More than 33,000 fines were rescinded last year after a supreme court ruling, but correspondence from authorities suggests thousands more will stand.
Christopher Knaus reporting in The Guardian.
The New South Wales government is signalling it will not withdraw any additional Covid fines despite a supreme court decision finding a huge volume of pandemic-related infringements were unlawful.
The position has prompted criticism from Redfern Legal Centre.
The centre’s senior solicitor Samantha Lee said its position was that all Covid fines, including the 29,017 that remain, fail to adequately specify the required detail of the alleged offence, making them unlawful.
“It is our position that all Covid fines fail this legal requirement and therefore all should be withdrawn,” she said.
“There has been no indication from Revenue NSW the organisation has absorbed and acted on the significance of the supreme court decision.”
“The judgment is not just about the need to withdraw invalid fines, but it has highlighted that the current penalty notice system in New South Wales is not fit for purpose and has huge legal flaws because fines (not just Covid fines) fail to meet the legal requirements under the Fines Act.”
The development comes as the RLC and the Public Interest Advocacy Centre (PIAC) lodged a formal complaint to the police watchdog about their enforcement of Covid fines.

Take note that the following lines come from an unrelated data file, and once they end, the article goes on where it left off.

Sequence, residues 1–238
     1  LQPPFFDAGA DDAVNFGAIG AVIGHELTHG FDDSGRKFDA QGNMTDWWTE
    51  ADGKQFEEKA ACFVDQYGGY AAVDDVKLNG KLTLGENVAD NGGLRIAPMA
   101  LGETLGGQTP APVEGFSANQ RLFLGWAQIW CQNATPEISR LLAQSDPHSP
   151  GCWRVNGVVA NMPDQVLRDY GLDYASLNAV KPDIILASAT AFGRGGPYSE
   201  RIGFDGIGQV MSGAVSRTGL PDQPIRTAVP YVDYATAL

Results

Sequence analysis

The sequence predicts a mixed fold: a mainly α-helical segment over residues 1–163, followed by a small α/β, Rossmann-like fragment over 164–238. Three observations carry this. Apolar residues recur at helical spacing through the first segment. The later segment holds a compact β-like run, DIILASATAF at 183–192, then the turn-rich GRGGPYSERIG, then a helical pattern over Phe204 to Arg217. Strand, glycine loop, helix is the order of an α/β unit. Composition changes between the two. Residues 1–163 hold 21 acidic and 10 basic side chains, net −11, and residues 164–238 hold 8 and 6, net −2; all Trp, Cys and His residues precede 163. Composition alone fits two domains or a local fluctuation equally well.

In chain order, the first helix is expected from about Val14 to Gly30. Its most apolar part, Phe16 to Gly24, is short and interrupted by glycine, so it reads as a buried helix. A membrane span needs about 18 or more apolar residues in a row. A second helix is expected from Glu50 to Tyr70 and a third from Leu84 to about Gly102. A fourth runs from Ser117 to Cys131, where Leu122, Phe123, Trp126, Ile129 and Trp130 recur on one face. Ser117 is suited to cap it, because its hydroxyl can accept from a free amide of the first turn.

The two community legal services have asked the Law Enforcement Conduct Commission (LECC) to investigate the way police enforced Covid fines, which they described as “heavy-handed”.
In a statement, the Redfern Legal Centre chief executive, Camilla Pandolfini, said the significant volume of fines issued by police suggested they were not using their discretion to issue fines and were instead issuing them by default.
“Some of our clients were as young as 12 years old when NSW police officers issued fines to them,” Pandolfini said. “Parents called us, in tears, unable to pay the fines issued to their young children.
“People experiencing homelessness, with significant mental health conditions, or returning home from their shift as health workers were fined by NSW police.”